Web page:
'Indian troops raping women in Kashmir'

  • Army clampdown continues on 87th straight day in IoK

NEW YORK: A debate was held on the topic on Women rights and peace, prosperity in the United Nations Security Council today where Pakistan was represented by the outgoing Pakistani UN designate, Maleeha Lodhi.
Lodhi talked about how the atrocities being inflicted on poor, helpless, defenseless Kashmiris were impacting day to day lives of the people, specifying women.
Lodhi said that the women in Kashmir were suffering immense mental and physical torture at the hands of tyrannical India, the curfew imposed on illegally occupied disputed territory by India has been a hard pill to swallow for Kashmiri’s but they refuse to bend the knee and give in, becoming more cognizant of what was around them and what their rights are. Lodhi claimed that the troops on ground deployed by India to keep Kashmiri’s at bay were committing rapes and other nefarious crimes in the disputed land to cultivate an atmosphere of constant fear.
This was MaleehaLodhi’s last appearance at the United Nations forum and would henceforth be replaced, the entire hall clapped in the favor of Lodhi as a show of respect and admiration on her last address to the council. Lodhi said that she took pride in being the only woman to have represented Pakistan in its 70-year history at the United Nations (UN) as ambassador.
Agencies add: Pakistan’s outgoing Ambassador, Maleeha Lodhi has made an impassioned plea to the UN Security Council to “safeguard and protect” the suffering women in curfew-bound Indian Occupied Kashmir, with the chamber bursting into applause when she also announced that it was her last appearance in the 15-member body.
“For almost three months,” she said, “the world has watched in horror, as a cruel Indian clampdown on all civil liberties in occupied Kashmir, and its illegal annexation of the disputed territory, in gross violation of international law and several Security Council resolutions, have exacerbated the suffering of people, especially women and girls.”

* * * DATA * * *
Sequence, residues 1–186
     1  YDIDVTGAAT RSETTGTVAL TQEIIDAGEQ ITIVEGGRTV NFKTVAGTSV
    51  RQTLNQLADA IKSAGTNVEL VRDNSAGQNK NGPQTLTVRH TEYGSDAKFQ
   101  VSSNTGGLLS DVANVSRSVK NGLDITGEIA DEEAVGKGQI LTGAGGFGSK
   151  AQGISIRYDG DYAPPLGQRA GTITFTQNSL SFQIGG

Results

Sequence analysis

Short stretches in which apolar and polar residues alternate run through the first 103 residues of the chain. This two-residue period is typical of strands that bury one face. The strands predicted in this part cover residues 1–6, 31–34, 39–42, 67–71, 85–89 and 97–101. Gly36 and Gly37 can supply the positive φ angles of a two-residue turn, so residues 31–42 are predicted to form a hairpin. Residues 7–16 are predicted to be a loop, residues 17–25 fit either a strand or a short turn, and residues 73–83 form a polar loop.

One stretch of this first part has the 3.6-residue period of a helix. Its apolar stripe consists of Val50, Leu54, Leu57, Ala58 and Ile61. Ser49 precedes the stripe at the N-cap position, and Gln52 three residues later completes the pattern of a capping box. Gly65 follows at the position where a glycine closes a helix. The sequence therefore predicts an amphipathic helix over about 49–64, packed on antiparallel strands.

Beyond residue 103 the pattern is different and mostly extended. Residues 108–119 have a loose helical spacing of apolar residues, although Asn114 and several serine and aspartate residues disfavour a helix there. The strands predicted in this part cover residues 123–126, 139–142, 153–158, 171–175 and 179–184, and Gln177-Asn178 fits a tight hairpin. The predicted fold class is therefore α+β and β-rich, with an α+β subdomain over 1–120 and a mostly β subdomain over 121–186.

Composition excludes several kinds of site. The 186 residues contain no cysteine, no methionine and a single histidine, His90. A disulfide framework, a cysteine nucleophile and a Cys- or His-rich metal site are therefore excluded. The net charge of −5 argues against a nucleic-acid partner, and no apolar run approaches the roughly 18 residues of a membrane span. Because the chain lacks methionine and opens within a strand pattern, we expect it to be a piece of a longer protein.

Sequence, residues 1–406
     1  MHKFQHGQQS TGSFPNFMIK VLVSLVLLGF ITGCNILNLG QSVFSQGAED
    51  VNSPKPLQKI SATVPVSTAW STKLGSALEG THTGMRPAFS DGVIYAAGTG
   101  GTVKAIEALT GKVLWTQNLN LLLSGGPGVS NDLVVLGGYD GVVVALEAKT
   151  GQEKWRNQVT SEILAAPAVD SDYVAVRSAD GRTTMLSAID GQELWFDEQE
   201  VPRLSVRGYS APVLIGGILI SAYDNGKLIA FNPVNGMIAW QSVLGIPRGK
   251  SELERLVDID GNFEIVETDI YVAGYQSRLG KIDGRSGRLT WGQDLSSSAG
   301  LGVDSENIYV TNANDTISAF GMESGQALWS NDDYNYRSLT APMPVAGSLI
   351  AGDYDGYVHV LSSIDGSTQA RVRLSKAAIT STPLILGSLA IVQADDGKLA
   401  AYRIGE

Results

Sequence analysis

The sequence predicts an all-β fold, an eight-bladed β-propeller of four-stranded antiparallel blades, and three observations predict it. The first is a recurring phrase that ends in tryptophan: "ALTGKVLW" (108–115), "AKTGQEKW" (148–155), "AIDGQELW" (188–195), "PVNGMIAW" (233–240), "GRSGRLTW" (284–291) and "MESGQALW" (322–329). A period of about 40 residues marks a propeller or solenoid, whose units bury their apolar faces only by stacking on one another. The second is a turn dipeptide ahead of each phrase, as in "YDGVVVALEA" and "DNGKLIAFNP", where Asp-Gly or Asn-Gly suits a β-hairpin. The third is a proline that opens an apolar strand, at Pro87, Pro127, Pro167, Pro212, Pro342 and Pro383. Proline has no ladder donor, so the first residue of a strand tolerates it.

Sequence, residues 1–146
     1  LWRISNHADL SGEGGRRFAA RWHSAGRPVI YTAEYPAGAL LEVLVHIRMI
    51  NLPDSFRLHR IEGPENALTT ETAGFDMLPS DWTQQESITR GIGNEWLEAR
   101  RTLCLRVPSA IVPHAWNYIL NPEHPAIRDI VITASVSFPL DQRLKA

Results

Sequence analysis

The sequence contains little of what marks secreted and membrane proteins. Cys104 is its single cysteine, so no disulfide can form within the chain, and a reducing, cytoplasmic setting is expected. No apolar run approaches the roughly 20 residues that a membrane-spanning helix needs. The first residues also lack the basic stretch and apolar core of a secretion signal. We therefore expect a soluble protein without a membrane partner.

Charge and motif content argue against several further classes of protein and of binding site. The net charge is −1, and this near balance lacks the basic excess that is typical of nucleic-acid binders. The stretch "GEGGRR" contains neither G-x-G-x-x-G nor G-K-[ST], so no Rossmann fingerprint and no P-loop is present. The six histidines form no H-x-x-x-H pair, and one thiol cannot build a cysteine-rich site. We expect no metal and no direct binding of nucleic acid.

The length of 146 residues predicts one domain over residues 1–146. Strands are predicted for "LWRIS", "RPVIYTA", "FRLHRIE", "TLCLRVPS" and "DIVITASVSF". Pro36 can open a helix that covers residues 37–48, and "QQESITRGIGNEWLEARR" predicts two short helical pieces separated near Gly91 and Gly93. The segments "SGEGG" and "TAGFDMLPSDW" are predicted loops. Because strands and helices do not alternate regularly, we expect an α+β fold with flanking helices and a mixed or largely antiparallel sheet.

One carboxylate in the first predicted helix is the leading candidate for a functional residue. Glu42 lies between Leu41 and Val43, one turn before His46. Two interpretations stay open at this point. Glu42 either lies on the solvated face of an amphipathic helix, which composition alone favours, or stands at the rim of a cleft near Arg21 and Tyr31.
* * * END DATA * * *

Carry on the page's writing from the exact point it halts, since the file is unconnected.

Speaking in a debate on Women, Peace and Security, the Pakistani envoy also said, “I was the first woman in seventy years to represent my country at the UN,” adding that she was honoured and privileged to speak for Pakistan, especially in the Security Council chamber. “I am confident it won’t take 70 years for another woman to represent Pakistan here,” she told cheering delegates sitting around the horse-shoe table.
After the Council meeting, she said in an interview, “It was a humbling moment for me to be applauded in the world’s highest diplomatic forum.” In her remarks, the Pakistani envoy described resolution 1325 (2000) as a watershed in placing women’s issues at the center of the global conflict prevention debate, but said the agenda’s implementation still suffers at the hands of various geopolitical interests.
“We need to reaffirm that this agenda applies to all women in conflict situations, especially in cases of foreign occupation such as in occupied Jammu and Kashmir,” she said, referring to the plight of the people, especially of women, in occupied Kashmir which was placed under military lockdown on August 5, when India annexed the disputed state in violation of UN resolutions.
“The anguish of Kashmiri women is further compounded when their family members, including children, are abducted in midnight raids, illegally detained and then tortured by occupying forces; when unremitting restrictions on movement and communication condemns women in occupied Kashmir to seeing their children suffer and die for lack of medical help,” Ambassador Lodhi said.
“The continuing lockdown has not only made access to healthcare, food supply, and even communication with loved ones next to impossible, it has also made women more vulnerable to abuse, as they are left at the mercy of occupying forces enforcing an inhumane curfew. Rape after all has long been used here and confirmed in reports of international human rights organizations as a brutal tactic to humiliate an entire community.”